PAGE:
While continuing to lend support to the multilateral regional and subregional security cooperation frameworks,[8] the Bush Administration’s Caspian policies were characterized by a greater emphasis on the bilateral level of relations with partners. In such a context, the main accomplishment which made it possible for the White House to pursue a more coherent Caspian policy was the possibility - granted to the Administration by Congress - to waive on an annual basis section 907 of the 1992 Freedom Support Act, which prevented direct military assistance to Azerbaijan. The circumvention of this legislation, unsuccessfully but constantly pursued also by the previous Administration, was indeed facilitated by the aforementioned national consensus on the need for a proactive regional policy on the one hand, and the prompt support that Baku ensured for the Enduring Freedom operation on the other. Azerbaijani support - along with Kazakh and Turkmen support - proved to be critically important for the success of military operations in Afghanistan, as well as being fully in line with the guidelines for action outlined by the National Security Strategy released in September 2002.[9] As a key transit area for reaching the Afghan scenario, the littoral states’ granting of overflight, landing and refueling rights in support of operations in Afghanistan, along with the availability of their port and road networks for sea and land transportation of nonlethal equipment, made the Caspian a vital corridor for US and NATO regional power projection within the so-called Northern Distribution Network (NDN).[10] In addition, the burden-sharing problem of the NATO-led International Security Assistance Force (ISAF) participants, as well as the disagreement regarding the mission’s scope and threat perception, made the contribution of regional non-NATO partners all the more important to the US.[11]

Therefore, as of 2002 the United States launched bilateral military cooperation with Azerbaijan and intensified its existing ties with Kazakhstan and Turkmenistan, providing the littoral states with a considerable amount of military aid, mainly under the Foreign Military Financing, Counterterrorism Fellowship Program and the International Military Education and Training programs (see Table 10.3). Against this backdrop, US military assistance acquired a significant maritime dimension, designated to improve the partners’ ability to prevent and respond to terrorism, nuclear proliferation and other transnational threats in the Caspian, such as drug and human trafficking. These, in particular, were the basic aims of the Caspian Guard Initiative, launched in 2005 to coordinate activities in Azerbaijan and Kazakhstan with those of the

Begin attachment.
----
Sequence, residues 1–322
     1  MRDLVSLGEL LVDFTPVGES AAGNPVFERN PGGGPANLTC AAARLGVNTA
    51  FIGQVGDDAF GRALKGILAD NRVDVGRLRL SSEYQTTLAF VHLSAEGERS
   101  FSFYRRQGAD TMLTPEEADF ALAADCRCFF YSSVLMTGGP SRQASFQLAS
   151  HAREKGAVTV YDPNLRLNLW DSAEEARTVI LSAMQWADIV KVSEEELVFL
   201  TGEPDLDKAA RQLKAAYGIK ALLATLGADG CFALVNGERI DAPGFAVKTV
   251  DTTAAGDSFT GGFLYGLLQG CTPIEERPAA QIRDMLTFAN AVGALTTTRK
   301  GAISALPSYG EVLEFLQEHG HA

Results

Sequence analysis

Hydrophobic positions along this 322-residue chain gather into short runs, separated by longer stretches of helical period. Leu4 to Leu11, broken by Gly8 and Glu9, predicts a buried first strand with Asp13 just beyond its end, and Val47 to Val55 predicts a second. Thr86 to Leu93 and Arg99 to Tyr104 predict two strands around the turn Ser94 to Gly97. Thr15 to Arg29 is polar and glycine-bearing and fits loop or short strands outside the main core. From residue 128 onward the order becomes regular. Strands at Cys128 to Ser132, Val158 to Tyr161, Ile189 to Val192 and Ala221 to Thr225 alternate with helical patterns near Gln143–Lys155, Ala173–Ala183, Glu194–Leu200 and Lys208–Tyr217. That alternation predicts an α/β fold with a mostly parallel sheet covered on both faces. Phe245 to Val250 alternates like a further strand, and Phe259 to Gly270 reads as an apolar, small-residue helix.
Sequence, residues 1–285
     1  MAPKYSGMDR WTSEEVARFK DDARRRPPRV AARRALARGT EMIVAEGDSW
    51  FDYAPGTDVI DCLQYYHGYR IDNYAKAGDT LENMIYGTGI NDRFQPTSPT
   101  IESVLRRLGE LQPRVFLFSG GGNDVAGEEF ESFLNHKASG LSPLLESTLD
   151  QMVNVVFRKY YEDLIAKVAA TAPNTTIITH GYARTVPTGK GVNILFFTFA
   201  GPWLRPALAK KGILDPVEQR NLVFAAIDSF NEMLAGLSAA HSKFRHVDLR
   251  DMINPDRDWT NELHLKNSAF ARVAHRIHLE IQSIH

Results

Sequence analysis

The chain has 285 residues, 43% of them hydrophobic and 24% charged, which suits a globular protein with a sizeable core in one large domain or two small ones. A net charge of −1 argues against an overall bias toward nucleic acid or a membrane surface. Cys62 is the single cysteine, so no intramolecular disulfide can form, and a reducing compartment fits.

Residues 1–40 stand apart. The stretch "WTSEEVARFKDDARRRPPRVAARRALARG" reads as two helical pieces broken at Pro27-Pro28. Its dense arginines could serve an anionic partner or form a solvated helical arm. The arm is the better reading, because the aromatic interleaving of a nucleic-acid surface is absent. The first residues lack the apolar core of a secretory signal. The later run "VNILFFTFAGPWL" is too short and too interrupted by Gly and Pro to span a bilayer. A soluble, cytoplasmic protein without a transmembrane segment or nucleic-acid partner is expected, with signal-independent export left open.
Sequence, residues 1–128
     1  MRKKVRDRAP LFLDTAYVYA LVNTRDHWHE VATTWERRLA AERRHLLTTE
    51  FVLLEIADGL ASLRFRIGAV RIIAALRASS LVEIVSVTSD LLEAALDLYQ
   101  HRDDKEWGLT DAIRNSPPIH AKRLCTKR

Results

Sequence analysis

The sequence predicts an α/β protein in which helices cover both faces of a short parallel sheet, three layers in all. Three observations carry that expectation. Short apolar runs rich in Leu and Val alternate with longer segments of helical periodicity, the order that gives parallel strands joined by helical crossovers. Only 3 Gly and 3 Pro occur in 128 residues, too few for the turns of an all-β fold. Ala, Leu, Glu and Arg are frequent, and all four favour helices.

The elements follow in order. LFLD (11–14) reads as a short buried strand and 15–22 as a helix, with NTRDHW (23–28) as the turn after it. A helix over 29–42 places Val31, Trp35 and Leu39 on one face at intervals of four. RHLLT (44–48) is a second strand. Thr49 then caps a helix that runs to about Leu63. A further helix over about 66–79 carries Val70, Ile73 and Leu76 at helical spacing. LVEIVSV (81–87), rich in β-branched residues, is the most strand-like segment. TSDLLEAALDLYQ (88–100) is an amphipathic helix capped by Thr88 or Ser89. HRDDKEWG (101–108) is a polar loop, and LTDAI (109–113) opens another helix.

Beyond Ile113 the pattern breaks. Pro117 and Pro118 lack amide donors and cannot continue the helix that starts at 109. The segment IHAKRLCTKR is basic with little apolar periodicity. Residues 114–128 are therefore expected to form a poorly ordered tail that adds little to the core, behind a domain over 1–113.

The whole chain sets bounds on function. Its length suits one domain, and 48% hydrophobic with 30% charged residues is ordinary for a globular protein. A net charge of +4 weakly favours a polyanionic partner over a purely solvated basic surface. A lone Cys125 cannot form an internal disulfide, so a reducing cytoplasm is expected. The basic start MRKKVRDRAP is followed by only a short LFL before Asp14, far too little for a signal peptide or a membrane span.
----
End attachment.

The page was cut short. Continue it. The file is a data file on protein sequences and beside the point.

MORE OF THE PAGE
US Central Command and other US government agencies with a view to enhancing Caspian security.[12]

Table10.3 - Annual funds budgeted for US annual security assistance* to Caspian littoral states (FY2002-2008, in millions dollars)

2002

2003

2004

2005

2006

2007

2008

2002-2008

Azerbaijan

14.82

10.79

18.47

33.14

33.02

33.56

47.41

191.21

Kazakhstan

17.32

28.71

52.55

42.34

1 9.35

60.64

60.39

281.30

Turkmenistan

5.93

0.96

2.70

6.58

1.75

5.27

5.37

28.56

*Amounts refer to both Department of States and Department of Defense Source: U.S. Department of State, U.S. Government Assistance to and Cooperative Activities with Eurasia, Country Assessments

As a matter of fact, while bilateral cooperation with the two littoral states steadily improved during the Bush administrations, cooperation with Turkmenistan turned out to be more limited in scope and depth, mainly due to Ashgabat’s positive neutrality policy which restricted military exchanges with the US, and to isolationist policies that also had negative repercussions on energy cooperation - especially under Saparmurat Niyazov’s rule (1991-2006). Indeed, although the US was successful in overcoming the challenge of westward transportation of Caspian resources from Azerbaijan and Kazakhstan, this was not the case with Turkmenistan, whose involvement in the TCGP project did not materialize.[13]

Due to its strategic location in the heart of the Central Asian mass, and its positive attitude toward cooperation with the White House, Kazakhstan became one of the key partners in view of the US power projection toward Afghanistan. Along with their cooperation under the NATO aegis, Washington and Astana developed bilateral security cooperation with a significant naval component. Although the topic of Caspian Sea militarization falls outside the scope of this article, it is worth noting that after 2003 the US contributed to the build-up and modernization of the Kazakh Caspian fleet and naval infrastructure, as well as to the formulation of a national military naval doctrine.[14] A key component of US-Kazakh security cooperation was the attempt to provide Astana with ground, sea and air-force support capabilities to protect its Caspian offshore and coastal energy infrastructure.[15]